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I've been struggling with this article for over 2 years. Its hard to write. It's against the grain. And it doesn't feel good to lay things out as they are. But... the truth shall set you free. Right?
Every week of every month of every year, I get phone calls and emails from folks who are chasing the dream. Here's what it sounds like:
Before I let you digest this reality, let's first set the table. In 1981 it cost $600 round trip Florida to California. Today it costs $99 each way if you buy on sale. How is it that every other cost has gone up but airline fares have gone down? In fact had you purchased something else for your $600, today that same service would cost over $1500 adjusted for inflation. So how is it that airfares have gone down? Fuel prices are much higher. Airplanes cost a whole lot more.
The answer is labor cost. While labor cost is a significant expense to airlines, salaries of the big three (flight attendants - pilots - mechanics) haven't risen with the cost of living/inflation. In fact, they've gone way down. Take for example the new pilot who has just been hired by an airline. His hourly salary is $19.72. Sounds good right? But that's only for 72 hours a month or $1420. In the 22% federal tax bracket plus social security taxes, that take home pay looks like $1008. Thats about the same salary that pilots made in the 1970's. Now tell me, can we hire the best and the brightest for $1008 a month in 2006?
No. No way. Not now. Not ever.
So you decided you wanted to be an airline pilot. You'll take the training prescribed in Eight Steps to an Airline Career and reach the end of your training having spent $70k. You'll have 250-300 hours at that point but most airlines are going to want you to have 1000 hours before they hire you. As such, you'll work as a flight instructor for $15 an hour to get around 100 hours a month for a monthly salary of $1065 after taxes. Are you kidding? How impressive, working for $12k annual salary. At least you're getting paid to fly! Good news is you'll only need to do that for 7-10 months to build up your experience level so you can go work for an airline making $1008/monthly.
For the computer guy, are you really going to leave your $80k job and make an investment of approximately a whole year's salary just to make $12k for each of your first two years in the career?
Just so have a good understanding, here's how the pay rates increase for each year of service as an airline pilot.
2nd year = 24.00 = $1226 monthly take home pay
3rd year = 30.00 = $1532 monthly take home pay
4th year = 33.00 = $1687 monthly take home pay or $20k
Are you sure you really want to make an investment that big to earn an annual salary of $20k take home pay after 5 years?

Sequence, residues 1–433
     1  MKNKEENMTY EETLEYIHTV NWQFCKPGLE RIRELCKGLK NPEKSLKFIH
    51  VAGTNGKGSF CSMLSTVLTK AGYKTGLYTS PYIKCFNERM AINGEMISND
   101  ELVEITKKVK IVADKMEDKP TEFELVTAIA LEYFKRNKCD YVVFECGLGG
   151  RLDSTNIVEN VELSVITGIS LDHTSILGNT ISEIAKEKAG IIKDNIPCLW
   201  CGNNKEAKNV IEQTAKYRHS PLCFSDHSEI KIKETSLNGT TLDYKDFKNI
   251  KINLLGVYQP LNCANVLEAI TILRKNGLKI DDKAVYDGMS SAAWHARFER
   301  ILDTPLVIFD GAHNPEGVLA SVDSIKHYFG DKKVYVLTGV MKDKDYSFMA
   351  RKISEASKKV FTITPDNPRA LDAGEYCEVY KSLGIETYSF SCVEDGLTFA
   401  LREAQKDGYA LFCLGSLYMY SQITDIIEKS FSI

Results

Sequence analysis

The reason those airline seats are so cheap is because airlines aren't paying these employees enough to stay out of poverty. They can't because we all demand cheap $99 fares.
Let me tell you another dirty little secret. To get those 72 hours a month. You'll have to work a 4 day stretch of 16 hour days several times a month. And by the way, you only get paid when the wheels go up and the airplane is flying. Some airline pilots are only getting 4 hours of paid flight time in a 16 hour duty day. Add this to airport food, cranky customers, impatient coworkers, and it becomes a very stressful working environment with a high burnout rate. One CFI in St Petersburg Florida told me, "I just don't need the hassle." She flew CRJ's for a regional airline then quit after a year.
Unless pay rates for the big three (flight attendants - pilots - mechanics) increase, safety will decrease. In 2006 our airline industry has already recovered from 9/11. We're hiring thousands of these $12k pilots. The passenger load is as high as ever and we're doing it all with 100,000 less airline employees doing the job. Good for profitability, bad for safety. There is only so much flexibility in the system before it starts breaking. My friends, its starting to break. And we're seeing regional airliners crash more frequently as a result. Lexington comes to my mind. Think about that next time you scored a cheap ticket off the web.
In summary, consider learning how to fly if you're interested in some fun and adventure. Right now as a career choice, its a very hard road.
Reader CommentsDate: Fri, 20 Oct 2006 22:06:32 -0700 (PDT) Name = Matthew
Comments = Hi Darren, I read your comments about becoming Pilots , I have to admit they are pretty discouraging news (or you are really trying to sift out true pilots wth their passion and determinations). Well, my questions is: is it too late for a person to switch career at 39 starting at PPL and loving to fly? or this is only the sick imagination?
Date: Wed, 17 Jan 2007 16:01:42 -0800 (PST) Name = Don H
Comments = Very interesting article putting some meat on what I already knew/suspected. I am a 55 year old just starting to chase my dream of flying. I have no illusion that i would be able to make a career out of flying at my age and with the experience requirements. It is nice to have someone put in down in writing.
Date: Tue, 8 May 2007 22:32:21 -0700 (PDT) Name = Chris G
Comments = I am interested in becoming a pilot. I worked in nursing for 6 years I would like to try new things.
Reply: You're crazy. The nurse makes more than the helicopter pilots. I think I'll start nursing school in the Fall.
Date: Wed, 6 Jun 2007 Name = Bill S
Comments = I have been in the aviation maintenance end for over 30 years. Pay in 1982 was 24.00 per hour, today average is about 17 per hour. I have moved up to Field Engineer for major company and salary bracket is around 80,000. Pilots forget it..they don't make anything unless you decide to become a corporate pilot but expect 5000 hours to get hired.